Capex Vs Opex Approach Of The PLI For IT Hardware Manufacture


The government, while announcing the production linked incentive (PLI) scheme for IT hardware manufacture, did not shy away from admitting that the IT hardware manufacturing capability and capacity in the country has progressively declined and many units have either ceased operation or are operating at low capacity. It now aims to encourage the ‘champions’ to set shop in India. But is this new Opex based PLI scheme good enough?

Come coronavirus and it was immediately clear that the world will not be the same for a long time. People started working from home, which led to an immediate spike in the demand for products like laptops, tablets, and personal computers. The increased demand for these products, clubbed with more and more people working from home, meant increased load on servers, and hence came a spike in the demand for these as well.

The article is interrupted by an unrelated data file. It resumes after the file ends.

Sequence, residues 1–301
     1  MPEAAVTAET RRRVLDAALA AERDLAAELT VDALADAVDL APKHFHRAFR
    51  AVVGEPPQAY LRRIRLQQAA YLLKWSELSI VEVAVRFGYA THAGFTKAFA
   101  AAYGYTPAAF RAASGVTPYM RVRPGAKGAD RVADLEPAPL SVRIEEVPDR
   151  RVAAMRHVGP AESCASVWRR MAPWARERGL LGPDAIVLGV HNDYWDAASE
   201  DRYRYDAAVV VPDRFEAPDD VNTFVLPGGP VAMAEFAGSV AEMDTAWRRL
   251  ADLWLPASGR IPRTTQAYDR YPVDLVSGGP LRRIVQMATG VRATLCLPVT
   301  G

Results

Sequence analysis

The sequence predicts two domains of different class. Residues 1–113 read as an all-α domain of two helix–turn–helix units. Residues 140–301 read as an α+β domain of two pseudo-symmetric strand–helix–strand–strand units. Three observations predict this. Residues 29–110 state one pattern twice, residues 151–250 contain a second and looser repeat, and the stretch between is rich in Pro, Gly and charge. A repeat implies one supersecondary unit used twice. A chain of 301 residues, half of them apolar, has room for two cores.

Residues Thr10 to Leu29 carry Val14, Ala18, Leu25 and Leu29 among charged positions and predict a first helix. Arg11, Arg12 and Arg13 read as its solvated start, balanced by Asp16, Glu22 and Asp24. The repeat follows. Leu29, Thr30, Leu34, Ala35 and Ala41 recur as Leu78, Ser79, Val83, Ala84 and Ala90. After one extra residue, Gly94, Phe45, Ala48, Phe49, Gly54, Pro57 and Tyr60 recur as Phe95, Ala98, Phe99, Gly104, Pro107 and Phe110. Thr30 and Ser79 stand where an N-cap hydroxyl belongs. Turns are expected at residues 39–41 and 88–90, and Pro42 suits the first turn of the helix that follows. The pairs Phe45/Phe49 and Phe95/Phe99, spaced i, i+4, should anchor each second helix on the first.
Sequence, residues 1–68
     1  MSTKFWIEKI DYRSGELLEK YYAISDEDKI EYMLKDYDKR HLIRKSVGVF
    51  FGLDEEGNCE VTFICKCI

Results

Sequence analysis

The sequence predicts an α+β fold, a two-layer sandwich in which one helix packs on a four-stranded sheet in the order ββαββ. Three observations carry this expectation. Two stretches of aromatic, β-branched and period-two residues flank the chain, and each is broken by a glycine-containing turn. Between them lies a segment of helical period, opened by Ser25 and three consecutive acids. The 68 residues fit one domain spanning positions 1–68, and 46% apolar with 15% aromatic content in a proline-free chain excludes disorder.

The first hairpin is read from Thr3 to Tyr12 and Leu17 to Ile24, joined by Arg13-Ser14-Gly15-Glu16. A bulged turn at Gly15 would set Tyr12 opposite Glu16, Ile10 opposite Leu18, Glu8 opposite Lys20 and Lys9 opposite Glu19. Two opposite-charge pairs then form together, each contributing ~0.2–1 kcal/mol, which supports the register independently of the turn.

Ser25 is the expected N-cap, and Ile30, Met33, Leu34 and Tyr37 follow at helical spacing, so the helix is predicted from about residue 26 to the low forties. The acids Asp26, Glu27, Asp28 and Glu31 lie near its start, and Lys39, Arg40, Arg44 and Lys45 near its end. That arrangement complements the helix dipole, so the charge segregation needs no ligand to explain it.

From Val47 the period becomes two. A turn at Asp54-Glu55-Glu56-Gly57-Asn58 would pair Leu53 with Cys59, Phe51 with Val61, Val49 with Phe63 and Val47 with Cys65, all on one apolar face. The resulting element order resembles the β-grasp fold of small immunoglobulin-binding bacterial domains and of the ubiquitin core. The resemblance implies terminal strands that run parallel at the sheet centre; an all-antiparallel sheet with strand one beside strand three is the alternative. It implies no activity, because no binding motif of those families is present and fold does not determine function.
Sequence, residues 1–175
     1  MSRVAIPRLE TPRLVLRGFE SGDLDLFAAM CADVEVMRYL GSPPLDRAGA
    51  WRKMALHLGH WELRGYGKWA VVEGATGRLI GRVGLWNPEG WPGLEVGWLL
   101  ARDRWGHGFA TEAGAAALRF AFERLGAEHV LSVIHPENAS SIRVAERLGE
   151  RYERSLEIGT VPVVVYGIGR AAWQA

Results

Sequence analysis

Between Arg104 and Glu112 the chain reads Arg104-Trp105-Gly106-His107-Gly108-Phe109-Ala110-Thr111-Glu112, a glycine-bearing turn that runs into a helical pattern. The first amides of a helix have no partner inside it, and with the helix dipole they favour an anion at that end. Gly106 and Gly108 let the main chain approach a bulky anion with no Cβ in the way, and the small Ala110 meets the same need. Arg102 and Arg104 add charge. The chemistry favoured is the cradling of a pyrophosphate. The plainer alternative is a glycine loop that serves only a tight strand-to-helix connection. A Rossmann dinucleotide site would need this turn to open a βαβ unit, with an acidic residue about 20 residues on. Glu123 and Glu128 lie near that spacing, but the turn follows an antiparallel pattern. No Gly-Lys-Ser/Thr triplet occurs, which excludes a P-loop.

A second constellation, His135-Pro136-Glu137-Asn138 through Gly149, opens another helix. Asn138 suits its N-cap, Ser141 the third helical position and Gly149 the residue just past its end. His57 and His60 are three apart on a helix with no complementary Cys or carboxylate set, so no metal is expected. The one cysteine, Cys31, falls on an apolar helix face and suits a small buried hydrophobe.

International Data Corporation (IDC), in one of its reports, notes that the market size for laptops in India was approximately 75 lakh (7.5 million) units in 2019-20 valued at 33,950 crore rupees, which amounts to approximately US$4.52 billion @ 1US$=`75. Similarly, the market size for tablets was around 24 lakh (2.4 million) units, valued at 3,500 crore rupees (US$0.47 billion), and the server market stood at 2 lakh (0.2 million) units valued at 9,100 crore rupees (US$1.21 billion).

The government of India, seeing a big opportunity here, started working on a production linked incentive (PLI) scheme to encourage manufacture of these products in the country.